Repealing the individual mandate in tax reform would be an admission Republicans are giving up on healthcare
- Senate Republicans are set to include a provision to repeal the Affordable Care Act's individual mandate in their legislation to overhaul the federal tax code.
- The money saved from the move was supposed to go toward other healthcare-focused priorities.
At the urging of President Donald Trump and Sen. Rand Paul, Senate Republicans are now set to include a repeal of the Obamacare individual mandate as part of their tax cut package.
Counterintuitively, repealing the tax penalty that gets imposed on the uninsured would substantially reduce the budget deficit. This is because ending the penalty would cause millions of people to lose health insurance, and therefore not to take government subsidies offered for health insurance.
This would mean a little more than $300 billion in budget savings over a decade that Republicans could then allocate to tax cuts.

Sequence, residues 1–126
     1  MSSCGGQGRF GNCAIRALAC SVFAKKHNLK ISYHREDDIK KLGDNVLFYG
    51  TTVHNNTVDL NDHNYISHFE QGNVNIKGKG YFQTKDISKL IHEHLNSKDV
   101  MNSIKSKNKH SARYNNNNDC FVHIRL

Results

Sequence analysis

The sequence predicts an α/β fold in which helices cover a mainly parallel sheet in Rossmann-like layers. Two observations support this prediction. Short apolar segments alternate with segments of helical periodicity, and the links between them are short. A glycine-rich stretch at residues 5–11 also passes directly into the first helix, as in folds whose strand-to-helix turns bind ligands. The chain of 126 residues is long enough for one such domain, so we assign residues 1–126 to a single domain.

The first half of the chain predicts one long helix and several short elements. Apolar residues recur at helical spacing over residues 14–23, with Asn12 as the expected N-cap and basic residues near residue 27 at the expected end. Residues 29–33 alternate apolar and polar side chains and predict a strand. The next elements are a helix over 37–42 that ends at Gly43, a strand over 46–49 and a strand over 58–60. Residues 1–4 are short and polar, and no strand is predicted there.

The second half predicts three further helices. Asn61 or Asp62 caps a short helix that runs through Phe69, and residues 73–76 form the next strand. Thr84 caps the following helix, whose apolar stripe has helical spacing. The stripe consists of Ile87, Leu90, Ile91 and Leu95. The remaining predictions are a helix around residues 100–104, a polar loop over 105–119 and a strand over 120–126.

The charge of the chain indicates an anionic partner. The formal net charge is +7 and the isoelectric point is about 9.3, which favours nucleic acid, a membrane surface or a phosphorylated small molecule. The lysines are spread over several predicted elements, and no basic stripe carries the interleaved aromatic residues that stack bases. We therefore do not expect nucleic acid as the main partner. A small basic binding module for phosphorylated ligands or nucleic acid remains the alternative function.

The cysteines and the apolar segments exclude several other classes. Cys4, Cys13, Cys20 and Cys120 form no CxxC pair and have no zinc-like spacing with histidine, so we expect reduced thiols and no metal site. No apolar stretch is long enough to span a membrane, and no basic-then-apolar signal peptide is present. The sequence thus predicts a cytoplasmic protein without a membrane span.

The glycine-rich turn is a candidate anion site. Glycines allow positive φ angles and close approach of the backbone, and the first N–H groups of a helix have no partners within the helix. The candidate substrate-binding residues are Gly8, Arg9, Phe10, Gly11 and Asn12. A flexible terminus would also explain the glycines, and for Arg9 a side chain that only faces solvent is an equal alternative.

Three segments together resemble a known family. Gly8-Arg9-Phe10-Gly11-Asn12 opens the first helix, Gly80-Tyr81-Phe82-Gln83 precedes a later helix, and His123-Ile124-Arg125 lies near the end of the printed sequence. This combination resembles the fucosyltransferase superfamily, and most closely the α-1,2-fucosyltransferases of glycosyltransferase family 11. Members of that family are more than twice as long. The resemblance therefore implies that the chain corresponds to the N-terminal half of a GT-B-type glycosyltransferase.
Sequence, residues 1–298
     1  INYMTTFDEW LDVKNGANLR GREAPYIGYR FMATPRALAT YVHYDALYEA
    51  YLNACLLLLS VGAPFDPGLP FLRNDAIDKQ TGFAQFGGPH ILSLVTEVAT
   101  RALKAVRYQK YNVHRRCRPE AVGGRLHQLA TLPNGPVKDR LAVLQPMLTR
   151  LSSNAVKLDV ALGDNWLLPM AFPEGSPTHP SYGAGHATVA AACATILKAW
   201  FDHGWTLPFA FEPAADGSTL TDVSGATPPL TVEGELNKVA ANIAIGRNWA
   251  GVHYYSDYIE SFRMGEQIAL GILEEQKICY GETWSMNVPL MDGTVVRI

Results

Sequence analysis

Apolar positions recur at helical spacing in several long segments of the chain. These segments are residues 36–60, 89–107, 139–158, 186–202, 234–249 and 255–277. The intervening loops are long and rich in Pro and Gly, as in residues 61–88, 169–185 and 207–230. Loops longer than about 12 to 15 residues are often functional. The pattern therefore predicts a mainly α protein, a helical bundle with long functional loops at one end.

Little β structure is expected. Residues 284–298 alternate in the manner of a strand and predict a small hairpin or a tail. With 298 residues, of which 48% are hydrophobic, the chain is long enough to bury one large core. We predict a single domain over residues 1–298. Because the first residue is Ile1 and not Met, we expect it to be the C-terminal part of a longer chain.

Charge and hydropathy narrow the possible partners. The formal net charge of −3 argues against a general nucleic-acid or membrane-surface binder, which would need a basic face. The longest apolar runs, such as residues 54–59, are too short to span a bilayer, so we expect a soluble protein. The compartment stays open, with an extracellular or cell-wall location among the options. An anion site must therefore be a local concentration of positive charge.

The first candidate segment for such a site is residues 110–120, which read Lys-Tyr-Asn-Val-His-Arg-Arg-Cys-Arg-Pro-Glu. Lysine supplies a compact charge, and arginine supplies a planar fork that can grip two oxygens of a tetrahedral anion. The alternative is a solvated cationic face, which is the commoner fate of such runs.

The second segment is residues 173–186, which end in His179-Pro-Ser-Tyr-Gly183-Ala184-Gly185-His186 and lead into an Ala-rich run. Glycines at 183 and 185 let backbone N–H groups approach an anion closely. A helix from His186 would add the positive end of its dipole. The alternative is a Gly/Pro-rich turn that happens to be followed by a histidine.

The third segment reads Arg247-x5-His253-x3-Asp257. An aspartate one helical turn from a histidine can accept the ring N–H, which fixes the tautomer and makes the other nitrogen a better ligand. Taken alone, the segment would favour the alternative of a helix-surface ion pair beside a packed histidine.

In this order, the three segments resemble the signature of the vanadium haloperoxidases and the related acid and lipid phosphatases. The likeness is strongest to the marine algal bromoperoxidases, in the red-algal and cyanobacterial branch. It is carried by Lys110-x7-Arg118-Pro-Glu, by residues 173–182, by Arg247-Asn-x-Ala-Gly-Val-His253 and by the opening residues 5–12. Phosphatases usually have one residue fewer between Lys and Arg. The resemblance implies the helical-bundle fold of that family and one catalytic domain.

But Republicans are supposed to have other plans for that money. In the various Republican plans to repeal and replace Obamacare, proceeds from the mandate repeal were supposed to be put toward some combination of repealing Obamacare-specific taxes and funding a replacement program to fund health insurance.
If Republicans go ahead and repeal the mandate as part of a tax bill, using the proceeds to finance tax cuts, the associated funds won't be available to fund a future replacement on healthcare.
This is a major reason Republicans in Congress were - until Tuesday, perhaps - resisting the urge to throw mandate repeal into the tax package.
But maybe they're realizing they'll never get a replacement passed. They know the mandate is unpopular and that it can help address some of the math problems associated with their tax plan.
The key political question is whether the main message voters would hear is "unpopular mandate repealed" or "tax bill causes 4 million Americans to lose health insurance next year and 13 million by 2027."